The Citizen (KZN)

Mass hunger fears as insurgency hampers aid


Tens of thousands of people are being deprived of humanitari­an aid in northern Mozambique as extremist militants intensify an Islamist insurgency, the UN agency World Food Programme said on Monday.

Jihadists have been waging a violent campaign in the gas-rich Cabo Delgado province since 2017, launching sporadic attacks on towns and villages in a bid to establish a caliphate.

The insurgency has claimed more than 1 500 lives and displaced at least 250 000 – a tenth of the total provincial population.

Lola Castro, World Food Programme’s regional director for southern Africa, said that of those 250 000 internally displaced, “we are accessing 180 000” – leaving 70 000 people without aid.

Speaking to journalist­s in Johannesbu­rg, Castro described northern Mozambique as “a very worrisome area”.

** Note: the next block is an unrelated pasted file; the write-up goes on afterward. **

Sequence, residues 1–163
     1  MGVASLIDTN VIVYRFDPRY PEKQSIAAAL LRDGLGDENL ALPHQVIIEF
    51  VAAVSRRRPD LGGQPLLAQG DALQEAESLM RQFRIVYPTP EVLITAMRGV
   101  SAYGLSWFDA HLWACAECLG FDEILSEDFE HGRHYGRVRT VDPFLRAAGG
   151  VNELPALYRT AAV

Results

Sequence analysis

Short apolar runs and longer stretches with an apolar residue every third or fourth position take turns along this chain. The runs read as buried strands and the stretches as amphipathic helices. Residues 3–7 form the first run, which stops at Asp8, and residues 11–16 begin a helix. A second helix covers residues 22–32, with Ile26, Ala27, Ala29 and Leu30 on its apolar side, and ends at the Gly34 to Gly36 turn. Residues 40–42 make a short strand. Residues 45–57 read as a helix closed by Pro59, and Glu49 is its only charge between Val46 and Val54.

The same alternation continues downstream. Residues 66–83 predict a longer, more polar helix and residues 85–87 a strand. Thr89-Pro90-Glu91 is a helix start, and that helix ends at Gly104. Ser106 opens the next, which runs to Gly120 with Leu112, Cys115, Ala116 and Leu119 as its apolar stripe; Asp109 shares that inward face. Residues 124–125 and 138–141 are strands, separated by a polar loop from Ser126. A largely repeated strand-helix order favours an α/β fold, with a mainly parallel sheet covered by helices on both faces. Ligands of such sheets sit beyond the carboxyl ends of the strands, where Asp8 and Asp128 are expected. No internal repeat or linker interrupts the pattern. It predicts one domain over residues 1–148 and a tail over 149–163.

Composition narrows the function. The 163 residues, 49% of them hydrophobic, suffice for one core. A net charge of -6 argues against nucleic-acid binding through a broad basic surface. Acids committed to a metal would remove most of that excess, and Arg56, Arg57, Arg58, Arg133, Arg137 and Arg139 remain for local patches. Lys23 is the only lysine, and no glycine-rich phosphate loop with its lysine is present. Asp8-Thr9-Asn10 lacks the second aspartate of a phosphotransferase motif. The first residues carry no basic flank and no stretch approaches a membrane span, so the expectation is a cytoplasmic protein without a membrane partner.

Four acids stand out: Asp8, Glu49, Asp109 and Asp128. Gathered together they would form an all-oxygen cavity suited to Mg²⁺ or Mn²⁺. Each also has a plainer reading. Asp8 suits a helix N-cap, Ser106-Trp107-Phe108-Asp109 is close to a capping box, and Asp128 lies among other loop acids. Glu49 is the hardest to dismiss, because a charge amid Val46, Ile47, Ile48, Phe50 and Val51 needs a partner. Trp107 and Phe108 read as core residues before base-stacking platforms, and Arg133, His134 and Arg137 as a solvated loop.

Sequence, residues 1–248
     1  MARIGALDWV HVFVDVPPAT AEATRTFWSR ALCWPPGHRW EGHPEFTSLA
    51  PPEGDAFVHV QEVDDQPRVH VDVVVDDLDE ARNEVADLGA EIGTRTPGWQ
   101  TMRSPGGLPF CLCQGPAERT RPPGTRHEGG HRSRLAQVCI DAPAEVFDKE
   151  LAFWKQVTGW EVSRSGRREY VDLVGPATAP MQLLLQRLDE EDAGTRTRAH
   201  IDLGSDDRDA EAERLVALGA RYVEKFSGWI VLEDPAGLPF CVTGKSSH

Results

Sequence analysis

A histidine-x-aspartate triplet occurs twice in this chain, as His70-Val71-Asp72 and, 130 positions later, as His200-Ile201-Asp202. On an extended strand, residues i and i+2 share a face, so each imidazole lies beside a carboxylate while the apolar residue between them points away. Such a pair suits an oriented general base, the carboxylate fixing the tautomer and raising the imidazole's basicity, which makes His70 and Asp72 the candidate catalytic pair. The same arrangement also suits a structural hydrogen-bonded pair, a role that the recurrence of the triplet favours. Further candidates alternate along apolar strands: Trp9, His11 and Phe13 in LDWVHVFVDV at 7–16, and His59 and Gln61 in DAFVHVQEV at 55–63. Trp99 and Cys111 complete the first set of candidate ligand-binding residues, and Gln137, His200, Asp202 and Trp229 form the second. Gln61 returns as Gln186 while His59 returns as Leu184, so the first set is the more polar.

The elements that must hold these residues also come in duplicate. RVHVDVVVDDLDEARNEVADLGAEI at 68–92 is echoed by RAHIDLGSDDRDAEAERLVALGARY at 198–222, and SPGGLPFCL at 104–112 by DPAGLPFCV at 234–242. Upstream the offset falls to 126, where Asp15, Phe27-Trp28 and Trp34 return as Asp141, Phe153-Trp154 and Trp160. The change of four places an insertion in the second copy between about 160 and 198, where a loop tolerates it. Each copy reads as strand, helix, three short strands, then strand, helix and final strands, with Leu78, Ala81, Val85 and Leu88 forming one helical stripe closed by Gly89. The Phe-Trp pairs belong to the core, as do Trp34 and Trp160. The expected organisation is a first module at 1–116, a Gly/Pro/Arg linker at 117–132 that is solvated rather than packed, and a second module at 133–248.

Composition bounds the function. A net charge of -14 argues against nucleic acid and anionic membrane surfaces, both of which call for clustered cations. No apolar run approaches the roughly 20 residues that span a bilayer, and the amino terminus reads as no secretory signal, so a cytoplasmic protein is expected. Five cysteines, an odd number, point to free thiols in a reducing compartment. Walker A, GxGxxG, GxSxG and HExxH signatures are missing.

Cabo Delgado’s insurgency has increasing­ly hampered humanitari­an assistance in the area in recent months, forcing the Internatio­nal Committee for the Red

Cross and Doctors Without Borders to suspend operations in the town of Macomia in June.

The militants took control of a key port city of Mocimboa da Praia nearly four weeks ago and government troops are still battling to recover it.

World Food Programme and other humanitari­an organisati­ons operating in the area are concerned at the prospect of the conflict spreading northwards into neighbouri­ng Tanzania.

Castro also warned that food insecurity could affect 44.8 million people across the southern African region – up from 41.2 million last year – in the coming months through to 2021.

The food shortages arise mainly from the combined effects of drought and economic hardship caused by the coronaviru­s pandemic.

Thirteen of the 16 countries in the Southern African Developmen­t Community bloc are threatened with food insecurity “not seen in many years,” Castro added.

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